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Guilderland Archives The Altamont Enterprise, December 10, 2009
Kids send letters and love to local soldier, lonely in Iraq
By Melissa Hale-Spencer
GUILDERLAND The boy bends to his task with care. He is coloring a paper Christmas tree ornament an angel.
Never mind that the outline clearly shows a girl with a long skirt. Never mind that most of his classmates have selected bright colors for the angel.
“I decided to make a boy angel,” says the fourth-grade student, who gives his name formally as Andrew William Hillen Korchowsky.
His angel has an Army hat and is colored in camouflage patches drab grays and browns and greens penciled with care.
The angel will fly to Iraq to perch on a Christmas tree for a division of the Army’s Fox Company. One of the soldiers in the platoon is Cale Shields, the son of Lynnwood Elementary teacher Karen Shields.
He is 21 and, although his mother is very proud of him, she worries about him being so far from home, in the midst of a war, at Christmas time.
“Cale will call and say, ‘Mom, I just needed to hear your voice.’ And this to a mom who used to say, ‘Pick up your bike,’ or ‘Do your homework,’” recalls Shields.
“For most of his troop,” says Shields, “this is their first year out of the USA during the holidays and it is devastatingly lonely.”
Shields says she gets through it by praying a lot. She has two children, two sons, and both of them are in the military. “I have a very strong faith,” Shields says. “My sons and thousands of other mothers’ sons are there. My pride in what they are doing takes over.”
Sometimes, though, it’s tough. “Putting up the Christmas tree this week, I took out their stockings and their little Santa letters…That’s why mothers keep those notes,” she says, her voice trailing off.
“We need things that smell like home”
“This is Cale’s first Christmas away,” she goes on. “He was away at Thanksgiving. They cooked turkey and decorated the dining hall. There’s nothing like having your own stuff at the holidays…Cale says, ‘We need things that smell like the U.S., like our homes and families.’”
To that end, the fourth-graders have collected Christmas treats for Cale’s platoon, ranging from the practical, like shampoo, to the playful, like candy.
The kids are impressed that Cale said he and his buddies “smell like feet,” and repeat the phrase frequently. Desert temperatures are often over 100 degrees, the kids report, and running water had been scarce.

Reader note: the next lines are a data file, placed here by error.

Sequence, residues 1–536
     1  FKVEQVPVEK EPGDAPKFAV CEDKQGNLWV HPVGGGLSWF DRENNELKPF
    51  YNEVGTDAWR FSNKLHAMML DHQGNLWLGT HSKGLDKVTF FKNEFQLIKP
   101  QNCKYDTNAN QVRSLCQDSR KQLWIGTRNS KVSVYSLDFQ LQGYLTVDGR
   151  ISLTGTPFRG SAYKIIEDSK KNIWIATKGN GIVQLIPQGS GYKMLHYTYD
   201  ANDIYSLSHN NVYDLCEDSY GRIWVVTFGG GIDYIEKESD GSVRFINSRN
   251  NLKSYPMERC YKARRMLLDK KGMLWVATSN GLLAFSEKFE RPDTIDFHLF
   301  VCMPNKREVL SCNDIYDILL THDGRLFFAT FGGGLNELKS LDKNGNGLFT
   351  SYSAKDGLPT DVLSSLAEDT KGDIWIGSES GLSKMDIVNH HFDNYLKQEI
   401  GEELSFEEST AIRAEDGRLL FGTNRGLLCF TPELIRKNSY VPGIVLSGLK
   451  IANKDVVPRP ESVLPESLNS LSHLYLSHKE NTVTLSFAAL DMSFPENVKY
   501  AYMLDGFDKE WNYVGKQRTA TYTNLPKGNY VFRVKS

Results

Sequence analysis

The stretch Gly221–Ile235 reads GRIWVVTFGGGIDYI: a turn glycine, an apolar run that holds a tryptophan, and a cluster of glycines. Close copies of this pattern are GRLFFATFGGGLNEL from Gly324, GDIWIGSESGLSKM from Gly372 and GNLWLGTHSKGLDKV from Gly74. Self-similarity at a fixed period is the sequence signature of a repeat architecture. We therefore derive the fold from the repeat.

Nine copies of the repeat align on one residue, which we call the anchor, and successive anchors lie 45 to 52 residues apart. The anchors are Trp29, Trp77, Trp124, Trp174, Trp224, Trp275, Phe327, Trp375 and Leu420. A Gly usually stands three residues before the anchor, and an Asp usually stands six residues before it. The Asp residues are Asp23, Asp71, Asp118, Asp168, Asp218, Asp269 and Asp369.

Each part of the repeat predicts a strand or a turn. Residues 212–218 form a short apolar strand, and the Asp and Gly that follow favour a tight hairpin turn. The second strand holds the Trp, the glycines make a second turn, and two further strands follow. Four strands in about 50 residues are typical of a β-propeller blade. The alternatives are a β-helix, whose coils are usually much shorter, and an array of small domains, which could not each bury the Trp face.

“Cale asked the guys in his troop what they wanted for Christmas,” Shields said, “and it’s a dentist’s nightmare.”
“It’s kind of hard to look at all the candy and not eat it,” commented fourth-grader Joey Guice as he gazed at the laden shelf.
“We’re not sending any chocolate because it would melt,” adds classmate Matt Kinnally.
A world map behind the gathered goods pinpoints Cale’s location in Iraq. It also pinpoints that of his older brother in the Air Force, Corey, who completed two tours in Afghanistan and is now stationed in Antarctica.
“I was a single parent, raising two little boys,” recalls Shields. “They always wanted to be in the military. They were gun crazy…and they wanted to see the world.” Both of the boys went to Lynnwood Elementary, then on to Farnsworth Middle School, before graduating from Guilderland High School.
Corey went on to Hudson Valley Community College and then graduated from Brockport with a degree in history. He works now on a flight crew, loading heavy equipment onto planes and is passionate about his work, his mother said.
Cale, who graduated from Guilderland in 2006, went to Schenectady County Community College for culinary arts, completing the program in a year.
“He went into the Army as a cook,” his mother said, “but he really wanted infantry.” His job varies, she said, ranging from re-building engines to being out in the field on maneuvers.
“The competition between the two of them is ridiculous,” said Shields. “When they were kids, they would fistfight in the backyard. It was about who got more chocolate cake at a birthday party. Now, they’re arguing over who has bigger guns. Now it’s about whose job is more difficult.”
After training at Fort Knox in Kentucky and then at Fort Riley in Kansas, Cale was sent to Kuwait this past summer. His unit is now getting ready to be sent to Afghanistan.
Shields told The Enterprise last week that she listened to the president’s speech about the planned military build-up in Afghanistan “with a heavy heart.”
“Both of my sons have told me that it’s absolutely necessary; we need to be there for stability,” she said. “The terrorism in Afghanistan is horrific.”
Shields added, “I do not talk about anything political with the kids. I talk about the jobs my boys do…They’re over there keeping the world a safe place. When the kids bring up questions about death, I say, that is part of war.
“Then I bring up something else,” she said, giving an example, “Did I tell you Cale chased camels on his day off?”